|Most valuable phase III assets|
|Project||Company||Drug type and lead indication||Today's NPV ($bn)||Event|
|Ocrevus||Roche||Anti-CD20 MAb; RMS, PPMS||20.49||Filings expected H1 2016|
|Dupilumab||Sanofi||IL-4 & IL-13 MAb; atopic dermatitis||12.87||Rolling BLA to complete this year|
|Abemaciclib||Eli Lilly||CDK 4 & 6 inhibitor; breast cancer||10.00||Filing due Q3 2016|
|Durvalumab||AstraZeneca||Anti-PD-L1 MAb; lung, head & neck cancers||8.19||PIII data due H1 2017|
|Lampalizumab||Roche||Anti-complement factor D MAb; dry AMD||7.67||PIII data due late 2017|
Leading the charge among phase III candidates is Roche’s MS hopeful Ocrevus (ocrelizumab), which has seen its valuation more than triple since phase III data were released last October.
Sanofi has also said it intends to complete the rolling submission of dupilumab by the end of the year. This would be the first systemic drug to treat atopic dermatitis, and is leading the pack in a promising new class (Dupilumab grabs atopic dermatitis head start, April 01, 2016).
Lilly’s abemaciclib should be filed on the basis of phase II data from the Monarch-1 trial in the third quarter – the project has breakthrough therapy designation so approval could come relatively quickly (Watch out Ibrance – here comes abemaciclib, February 11, 2016).
AstraZeneca’s durvalumab is already highly valued despite having no phase III data – Arctic (NCT02352948) and Pacific (NCT02125461) both report next year.
Finally Roche’s lampalizumab makes it into the top five despite pivotal data being even further away. This asset represents a rare promising product for dry AMD.
|Most valuable phase II assets|
|Project||Company||Drug type and lead indication||Today's NPV ($bn)|
|CTL019||Novartis||Anti-CD19 CAR-T; leukaemia||4.31|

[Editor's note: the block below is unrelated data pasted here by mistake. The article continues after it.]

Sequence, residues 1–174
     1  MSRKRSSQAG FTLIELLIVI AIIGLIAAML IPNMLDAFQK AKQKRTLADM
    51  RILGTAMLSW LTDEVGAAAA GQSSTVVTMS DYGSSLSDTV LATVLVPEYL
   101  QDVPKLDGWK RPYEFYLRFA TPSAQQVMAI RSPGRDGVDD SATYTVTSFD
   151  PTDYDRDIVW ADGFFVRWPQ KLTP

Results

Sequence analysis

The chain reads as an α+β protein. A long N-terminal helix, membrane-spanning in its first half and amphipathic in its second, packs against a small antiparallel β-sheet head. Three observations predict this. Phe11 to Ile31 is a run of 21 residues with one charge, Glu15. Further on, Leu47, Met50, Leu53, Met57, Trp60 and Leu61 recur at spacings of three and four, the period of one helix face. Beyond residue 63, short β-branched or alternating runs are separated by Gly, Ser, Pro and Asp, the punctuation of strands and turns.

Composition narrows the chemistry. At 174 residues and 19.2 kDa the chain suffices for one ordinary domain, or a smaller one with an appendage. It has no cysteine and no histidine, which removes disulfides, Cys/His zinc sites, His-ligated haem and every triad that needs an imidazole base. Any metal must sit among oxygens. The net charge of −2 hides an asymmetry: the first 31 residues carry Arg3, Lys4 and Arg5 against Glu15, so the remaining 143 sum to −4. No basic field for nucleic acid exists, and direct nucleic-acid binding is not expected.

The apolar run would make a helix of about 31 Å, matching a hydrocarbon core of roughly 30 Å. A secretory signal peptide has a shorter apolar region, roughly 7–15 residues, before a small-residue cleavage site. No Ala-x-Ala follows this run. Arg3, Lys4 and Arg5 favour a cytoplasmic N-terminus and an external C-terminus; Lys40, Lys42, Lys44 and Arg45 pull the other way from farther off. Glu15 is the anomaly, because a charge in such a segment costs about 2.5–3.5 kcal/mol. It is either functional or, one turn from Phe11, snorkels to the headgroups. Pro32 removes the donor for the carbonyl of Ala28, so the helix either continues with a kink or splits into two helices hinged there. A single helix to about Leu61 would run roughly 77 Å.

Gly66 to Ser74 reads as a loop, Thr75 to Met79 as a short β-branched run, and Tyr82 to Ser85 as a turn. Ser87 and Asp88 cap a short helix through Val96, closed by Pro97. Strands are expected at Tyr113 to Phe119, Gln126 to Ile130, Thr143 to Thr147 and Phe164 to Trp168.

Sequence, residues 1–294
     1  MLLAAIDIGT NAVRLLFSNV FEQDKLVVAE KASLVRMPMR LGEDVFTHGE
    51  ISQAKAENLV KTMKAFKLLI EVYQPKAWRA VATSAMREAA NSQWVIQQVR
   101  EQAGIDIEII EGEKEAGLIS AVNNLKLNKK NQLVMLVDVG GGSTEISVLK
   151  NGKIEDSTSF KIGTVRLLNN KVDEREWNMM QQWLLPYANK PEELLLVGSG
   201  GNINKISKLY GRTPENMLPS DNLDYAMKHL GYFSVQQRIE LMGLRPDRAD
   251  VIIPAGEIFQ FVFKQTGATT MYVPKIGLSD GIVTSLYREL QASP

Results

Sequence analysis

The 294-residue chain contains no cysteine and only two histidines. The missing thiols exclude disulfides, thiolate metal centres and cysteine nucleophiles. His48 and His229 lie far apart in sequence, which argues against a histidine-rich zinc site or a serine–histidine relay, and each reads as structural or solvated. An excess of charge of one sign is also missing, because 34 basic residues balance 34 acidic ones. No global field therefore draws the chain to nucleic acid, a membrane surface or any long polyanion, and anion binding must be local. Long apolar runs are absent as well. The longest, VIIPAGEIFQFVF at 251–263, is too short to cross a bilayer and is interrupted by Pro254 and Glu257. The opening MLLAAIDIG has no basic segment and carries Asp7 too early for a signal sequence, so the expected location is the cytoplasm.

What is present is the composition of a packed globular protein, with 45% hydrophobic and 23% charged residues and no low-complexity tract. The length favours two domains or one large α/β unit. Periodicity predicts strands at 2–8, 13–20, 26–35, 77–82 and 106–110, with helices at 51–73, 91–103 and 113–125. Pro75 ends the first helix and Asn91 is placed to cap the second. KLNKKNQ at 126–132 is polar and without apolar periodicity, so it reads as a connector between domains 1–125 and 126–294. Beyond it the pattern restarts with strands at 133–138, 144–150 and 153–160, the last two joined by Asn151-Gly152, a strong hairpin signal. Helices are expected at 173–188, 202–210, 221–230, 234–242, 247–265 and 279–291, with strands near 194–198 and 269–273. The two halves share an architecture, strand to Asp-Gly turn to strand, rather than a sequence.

|LentiGlobin BB305||bluebird bio||Haemoglobin gene therapy||2.47|
|Vosoritide||BioMarin Pharmaceutical||Natriuretic peptide; Achondroplasia||1.99|
|Axalimogene Filolisbac||Advaxis||HPV vaccine; cervical, head & neck||1.75|
|PF-06290510||Pfizer||S aureus vaccine||1.74|
Cell and gene therapy top phase II
A look at the top phase II assets reveals some of the industry’s riskier bets, albeit ones that promise to be game-changing should they succeed.
Novartis’s CAR-T therapy leads the pack by some margin – the asset ranks as the industry’s 17th most valuable pipeline project. This is perhaps a surprising valuation given that its close competitor Kite has said it plans to launch its CAR-T product next year, while the decidedly more reticent Novartis does not expect to file until 2017.
Bluebird’s sickle cell gene therapy remains some way away from the market, with data at ASH in December a big event on the horizon. Meanwhile, news is awaited on a move into phase III for BioMarin’s vosoritide, a treatment for achondroplasia, the most common cause of dwarfism.
Advaxis’s therapeutic cancer vaccine looks the most generously valued in this group, considering the struggles that this field has had to establish convincing efficacy.
And finally Pfizer’s Staphylococcus aureus vaccine should yield data next year from a huge phase IIb trial recruiting 2,600 subjects undergoing elective spinal fusion surgery, to see if it can reduce the rate of surgical site infections.